Measuring osmotic potential and turgor loss point using a vapor pressure osmometer


Author names

Megan K. Bartlett, Lawren Sack

Author affiliations

University of California, Los Angeles


This protocol explains how to rapidly measure turgor loss point and osmotic potential at full hydration using a vapor-pressure osmometer instead of the standard but more labor- and time-intensive pressure-volume curve method. We provide a spreadsheet tool for calculations (Osmometer Method Spreadsheet Analyzer for Trait Investigation; OMSHANTI).


This detailed protocol is based on the method presented and validated in Bartlett et al. 2012.

Turgor loss point is an important determinant of ecological and physiological drought tolerance (Cheung et al. 1975; Tyree et al. 1978; Sack et al. 2003; Baltzer et al. 2008; Bartlett, Scoffoni, & Sack 2012). The amount of solute, as assessed by the osmotic potential at full hydration, is the cellular trait that plants vary to adjust turgor loss point in response to drought, and species differences in these traits translate into variation in drought tolerance (Lenz et al. 2006; Bartlett, Scoffoni, & Sack 2012). These traits are typically estimated using the pressure-volume curve method (available at Leaf pressure-volume curve parameters), which characterizes the relationship between leaf water potential and leaf relative water content in a drying leaf (Tyree & Hammel 1971; Koide et al. 1989). Because that method takes 1-2 days to complete for 5-6 leaves, it has been impractical to measure osmotic potential at full turgor and turgor loss point for many species in diverse clades and communities. This protocol presents a rapid method for measuring these traits, requiring 1-2 hours for 6 leaves, or about 10-15 minutes per sample, enabling characterization for diverse communities relatively rapidly (Maréchaux et al. 2015).

In brief, sample discs are collected from rehydrated leaves, and frozen in liquid nitrogen to fracture cell membranes and cell walls and to allow symplastic contents to mix upon thawing (Kikuta & Richter 1992; Callister et al. 2006). The leaf disc is then punctured to facilitate equilibration, and then sealed in a vapor-pressure osmometer. The osmometer compares the electrical resistance through the thermocouple in the sample chamber with the resistance under ambient conditions to determine the change in dew point temperature, and calculates the solute concentration and the osmotic potential of the leaf tissue (Vapro Manual, Appendix C). From this osmotic potential at full hydration, one may estimate the pressure-volume curve osmotic potentials at full hydration and turgor loss point using a calibration dataset of 30 species with diverse leaf traits and native habitats (Bartlett et al. 2012).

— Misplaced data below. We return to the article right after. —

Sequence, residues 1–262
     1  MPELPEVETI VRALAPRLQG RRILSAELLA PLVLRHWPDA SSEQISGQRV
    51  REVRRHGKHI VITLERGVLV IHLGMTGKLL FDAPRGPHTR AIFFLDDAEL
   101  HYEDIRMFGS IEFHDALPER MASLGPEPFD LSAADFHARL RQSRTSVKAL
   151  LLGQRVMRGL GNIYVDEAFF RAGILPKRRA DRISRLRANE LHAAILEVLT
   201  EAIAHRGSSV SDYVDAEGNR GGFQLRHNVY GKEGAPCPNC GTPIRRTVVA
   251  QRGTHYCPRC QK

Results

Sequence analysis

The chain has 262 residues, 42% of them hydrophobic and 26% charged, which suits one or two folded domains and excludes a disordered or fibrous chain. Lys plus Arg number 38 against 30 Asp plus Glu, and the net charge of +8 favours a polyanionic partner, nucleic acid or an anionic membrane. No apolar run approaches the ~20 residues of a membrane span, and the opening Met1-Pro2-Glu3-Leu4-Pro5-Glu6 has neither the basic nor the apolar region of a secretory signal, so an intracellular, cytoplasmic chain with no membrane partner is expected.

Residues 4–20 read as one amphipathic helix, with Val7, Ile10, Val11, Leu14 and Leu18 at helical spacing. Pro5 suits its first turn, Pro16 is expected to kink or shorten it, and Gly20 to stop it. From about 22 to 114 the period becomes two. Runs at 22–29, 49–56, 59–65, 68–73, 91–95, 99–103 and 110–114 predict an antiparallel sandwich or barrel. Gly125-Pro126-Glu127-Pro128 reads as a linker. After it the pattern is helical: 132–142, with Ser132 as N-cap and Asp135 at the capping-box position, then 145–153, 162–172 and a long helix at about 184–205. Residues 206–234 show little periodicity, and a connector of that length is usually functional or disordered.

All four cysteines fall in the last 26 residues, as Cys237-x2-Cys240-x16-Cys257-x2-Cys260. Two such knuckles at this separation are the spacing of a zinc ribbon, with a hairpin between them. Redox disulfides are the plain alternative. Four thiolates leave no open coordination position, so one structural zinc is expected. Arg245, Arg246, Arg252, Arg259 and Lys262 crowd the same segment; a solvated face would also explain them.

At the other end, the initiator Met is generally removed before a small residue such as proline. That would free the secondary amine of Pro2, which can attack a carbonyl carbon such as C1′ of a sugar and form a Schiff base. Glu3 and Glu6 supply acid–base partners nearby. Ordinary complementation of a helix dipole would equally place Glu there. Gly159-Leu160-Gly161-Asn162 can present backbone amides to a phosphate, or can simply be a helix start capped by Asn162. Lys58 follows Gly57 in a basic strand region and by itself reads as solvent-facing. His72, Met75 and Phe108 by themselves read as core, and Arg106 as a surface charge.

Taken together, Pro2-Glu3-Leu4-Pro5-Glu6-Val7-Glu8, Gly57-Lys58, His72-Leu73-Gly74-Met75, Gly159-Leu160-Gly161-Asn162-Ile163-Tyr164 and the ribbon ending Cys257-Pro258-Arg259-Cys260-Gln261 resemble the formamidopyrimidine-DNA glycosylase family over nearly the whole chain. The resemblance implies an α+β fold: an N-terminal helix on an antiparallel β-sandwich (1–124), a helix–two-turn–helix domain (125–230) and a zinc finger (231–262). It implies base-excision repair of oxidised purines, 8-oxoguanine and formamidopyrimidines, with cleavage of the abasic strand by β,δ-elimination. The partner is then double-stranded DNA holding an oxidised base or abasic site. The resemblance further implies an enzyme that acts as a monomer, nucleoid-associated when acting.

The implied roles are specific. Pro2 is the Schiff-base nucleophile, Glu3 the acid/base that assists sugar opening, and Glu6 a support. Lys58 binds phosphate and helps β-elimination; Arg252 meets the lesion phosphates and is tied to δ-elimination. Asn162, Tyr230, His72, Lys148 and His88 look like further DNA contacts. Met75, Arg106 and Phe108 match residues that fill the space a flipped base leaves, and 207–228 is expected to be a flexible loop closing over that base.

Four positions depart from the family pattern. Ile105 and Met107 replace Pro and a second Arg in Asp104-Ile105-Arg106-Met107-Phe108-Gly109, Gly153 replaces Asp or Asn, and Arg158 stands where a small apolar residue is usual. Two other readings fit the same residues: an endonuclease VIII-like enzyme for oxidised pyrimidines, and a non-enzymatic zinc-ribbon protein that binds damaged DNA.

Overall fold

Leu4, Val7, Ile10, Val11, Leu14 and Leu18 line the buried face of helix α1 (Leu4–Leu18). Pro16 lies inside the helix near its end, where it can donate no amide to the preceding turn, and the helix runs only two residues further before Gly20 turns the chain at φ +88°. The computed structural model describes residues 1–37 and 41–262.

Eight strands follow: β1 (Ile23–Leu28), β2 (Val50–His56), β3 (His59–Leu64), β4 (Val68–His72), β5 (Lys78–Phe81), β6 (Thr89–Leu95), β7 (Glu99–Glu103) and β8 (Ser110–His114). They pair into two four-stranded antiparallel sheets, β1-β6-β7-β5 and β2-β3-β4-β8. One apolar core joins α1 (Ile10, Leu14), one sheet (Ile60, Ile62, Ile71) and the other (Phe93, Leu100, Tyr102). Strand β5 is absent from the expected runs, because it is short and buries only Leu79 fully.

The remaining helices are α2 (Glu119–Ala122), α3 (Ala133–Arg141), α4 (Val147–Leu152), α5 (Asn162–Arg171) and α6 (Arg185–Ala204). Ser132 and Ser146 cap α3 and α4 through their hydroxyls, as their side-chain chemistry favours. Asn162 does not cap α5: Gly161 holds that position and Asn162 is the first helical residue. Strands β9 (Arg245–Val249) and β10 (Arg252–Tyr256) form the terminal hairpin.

• Vapor pressure osmometer (Wescor, Vapro 5520, Logan, Utah, USA)
  • 2 sizes of Whirl-Pak bags (Whirl-Pak, Nasco, Fort Atkinson, Wisconsin, USA), including one large enough to hold the sample leaves and one somewhat larger for double-bagging
  • Paper towels
  • Kimwipes
  • Aluminum foil
  • 8mm diameter cork borer
  • Pipette tips (any size)
  • Sharp-tipped tweezers (Wescor, Logan, Utah, USA)
  • Liquid nitrogen container
  • Approximately 1-2L of liquid nitrogen per day of sampling
  • Tongs
  • Latex or nitrile gloves
  • Cold-protective gloves
  • Calipers (at least 0.1mm resolution)
  • Envelopes
  • Drying oven

Units, terms, definitions

The turgor loss point, or the wilting point, is the leaf water potential at which the turgor potential in the drying leaf cells becomes zero and the leaf wilts (MPa).

The osmotic potential at full hydration is the solute potential of the leaf when fully hydrated (MPa).


  1. Collect shoots and recut underwater at least 2 nodes distal to the original cut. Place shoots in water and cover with a humidified but not wet opaque plastic bag, with wet paper towel. Allow shoots to rehydrate overnight in a cool, dark location.
  2. In the morning, cut at least 2 leaves from each shoot in air. Immediately place the leaves in Whirlpak bags, and breathe into the bags to fill them with high humidity. Double-bag the leaves and put a piece of wet paper towel in each outer bag to prevent evaporation.